First Time Friday … Fyre: selling paradise at the price of the poor.

First Time Friday is a new, what I hope will be weekly, series where I write about a film I’ve seen for the first time. That won’t, of course, preclude me from watching films on other days …

It feels like there’s not much left to say about the Fyre festival debacle, the people behind, and even the two recent documentary films trying to tell the story. A con job that was enabled and bought down by social media , now the subject of short notice films that gain traction through … you guessed it, social media.

This film – the Netflix production – tells the story through footage shot for the festival organisers from conception through to aftermath. It was, as is explicitly said in the documentary, an attempt not so much to put on a music festival as to sell a dream; an exclusive weekend on an idyllic island with supermodels, stars and social media influencers, staying in luxury accomodation, eating the best food and partying. It fell apart in real time, finally exposed to the world by a viral photo of a cheap cheese sandwich taking the place of the best in catering.

That just about everybody fell under the influence of the charismatic, persuasive Billy McFarland is a matter of public record. Several things become apparent as we watch this film. One is that, to quote Leonard Cohen, the people involved really don’t care for music, do they? As quoted above, they didn’t care about the music festival; they cared about a buzz of exclusivity, exploiting FOMO, making money by selling an ephemeral dream. That one of the staff involved, interviewed for the film, is wearing a Nirvana t-shirt whilst he talks about the vision of an island paradise makes this point eloquently; the icons of grunge, repackaged as a fashion accessory.

fyre picture

Even as it becomes apparent that the whole thing is a disaster, and the people trying to make it happen are telling the story, they are laughing. Of course, this may be a trick of the director’s editing, or it may be the laughter of regret and disbelief; either way, they laugh as they talk about sleeping on soaking mattresses and the disappearance of vast amounts of money. At no point do these people show concern for the real victims – the local islanders, who laboured hard to build and set up for the festival and received no money; the local club owner who tearfully tells us of the extra staff she took on in anticipation and had to pay from her life savings when promised money never materialised. The locals – many of whom are poor – will never be paid back. Billy McFarland has been convicted, and others too; but what use is that when you’ve worked for weeks without pay, or shelled money out of our lifetime savings? The rich mostly escape, relatively free; the poor bear the brunt (and this divide is also expressed largely but not exclusively on skin colour lines also). It was ever thus, and it’s a failing of the film that it never really gives full voice or the last word to those who suffered most. We get to peak behind the curtain of deception, but the human cost is never really examined.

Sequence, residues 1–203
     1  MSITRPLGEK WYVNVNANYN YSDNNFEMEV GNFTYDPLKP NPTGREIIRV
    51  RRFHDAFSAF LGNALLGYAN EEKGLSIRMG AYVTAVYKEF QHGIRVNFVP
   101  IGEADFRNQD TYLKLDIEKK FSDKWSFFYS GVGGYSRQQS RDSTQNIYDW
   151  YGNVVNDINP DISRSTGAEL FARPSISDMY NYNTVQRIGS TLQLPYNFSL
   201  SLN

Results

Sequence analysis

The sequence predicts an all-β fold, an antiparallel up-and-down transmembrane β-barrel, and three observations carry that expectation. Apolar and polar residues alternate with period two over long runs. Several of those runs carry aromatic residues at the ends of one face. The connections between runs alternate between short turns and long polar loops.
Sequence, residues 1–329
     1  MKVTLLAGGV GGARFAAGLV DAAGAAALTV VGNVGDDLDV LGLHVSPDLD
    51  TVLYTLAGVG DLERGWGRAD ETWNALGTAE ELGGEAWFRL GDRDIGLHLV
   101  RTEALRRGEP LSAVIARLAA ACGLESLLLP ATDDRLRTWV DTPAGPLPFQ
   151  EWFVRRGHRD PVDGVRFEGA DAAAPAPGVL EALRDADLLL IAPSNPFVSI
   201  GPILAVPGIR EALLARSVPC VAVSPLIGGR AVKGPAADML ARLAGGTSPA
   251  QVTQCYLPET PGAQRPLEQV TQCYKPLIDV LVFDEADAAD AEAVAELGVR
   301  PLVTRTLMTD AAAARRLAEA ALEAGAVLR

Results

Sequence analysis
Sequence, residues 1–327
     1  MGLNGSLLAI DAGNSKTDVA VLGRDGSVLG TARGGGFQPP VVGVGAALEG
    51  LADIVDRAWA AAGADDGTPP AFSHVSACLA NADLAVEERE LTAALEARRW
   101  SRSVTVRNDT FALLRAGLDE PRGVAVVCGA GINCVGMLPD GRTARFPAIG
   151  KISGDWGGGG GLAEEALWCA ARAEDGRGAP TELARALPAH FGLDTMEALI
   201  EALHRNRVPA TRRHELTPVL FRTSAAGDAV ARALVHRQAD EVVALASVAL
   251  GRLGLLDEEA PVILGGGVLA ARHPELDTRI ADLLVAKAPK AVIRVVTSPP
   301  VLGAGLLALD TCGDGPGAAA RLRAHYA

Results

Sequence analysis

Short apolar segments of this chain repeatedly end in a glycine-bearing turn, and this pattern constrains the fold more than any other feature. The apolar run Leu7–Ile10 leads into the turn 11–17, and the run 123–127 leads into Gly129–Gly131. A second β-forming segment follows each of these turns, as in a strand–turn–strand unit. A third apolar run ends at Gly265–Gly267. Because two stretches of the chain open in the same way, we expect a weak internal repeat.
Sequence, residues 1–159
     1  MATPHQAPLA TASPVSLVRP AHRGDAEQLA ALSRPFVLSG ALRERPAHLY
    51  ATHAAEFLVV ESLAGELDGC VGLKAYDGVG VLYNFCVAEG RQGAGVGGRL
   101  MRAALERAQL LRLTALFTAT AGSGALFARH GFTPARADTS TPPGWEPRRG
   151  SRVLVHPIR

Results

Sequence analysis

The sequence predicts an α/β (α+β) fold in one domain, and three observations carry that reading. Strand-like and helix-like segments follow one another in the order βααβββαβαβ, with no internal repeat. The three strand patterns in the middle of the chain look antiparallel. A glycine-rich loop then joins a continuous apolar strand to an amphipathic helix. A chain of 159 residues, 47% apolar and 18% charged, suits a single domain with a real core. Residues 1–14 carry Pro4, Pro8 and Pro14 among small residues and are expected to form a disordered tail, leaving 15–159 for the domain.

The problem is that this was a disembodied project from the word go. Relying on the myth of the perfect sun-kissed island and celebrity lifestyle, the myth was sold, and turned out to be nothing but smoke and mirrors. We can blame it all on social media hype; and yes, that was the vehicle used for this con. But it’s really a story as old as time; it’s always just out of reach, around the next corner, as intangible as it is expensive. No one looks behind the curtain until it’s too late; those that do visit the site in advance or raise a warning word are ignored or sacked. It’s an attempt to parachute a paradise into the backyard of some real people; and leave them to pick up the pieces afterwards. And when they do pick up the pieces, they find they have even less than they started with; no one to pay them back, no one to sit and weep with them, no one to help them rebuild.

As a Christian, I can criticise this – and I do. But that’s a dangerous road; how many megachurch or rich foreign, usually white-skinned missionaries have parachuted in to poorer places promising revival and renewal, not sticking around after to remake what they have broken – or to use the language of the moment, ‘disrupted’? It seems it’s in our nature, all of us, to keep our poor and our mistakes as equally out of our site as each other. Embodiment, incarnation, long-term rooting in the one place; such is the way to which we are called.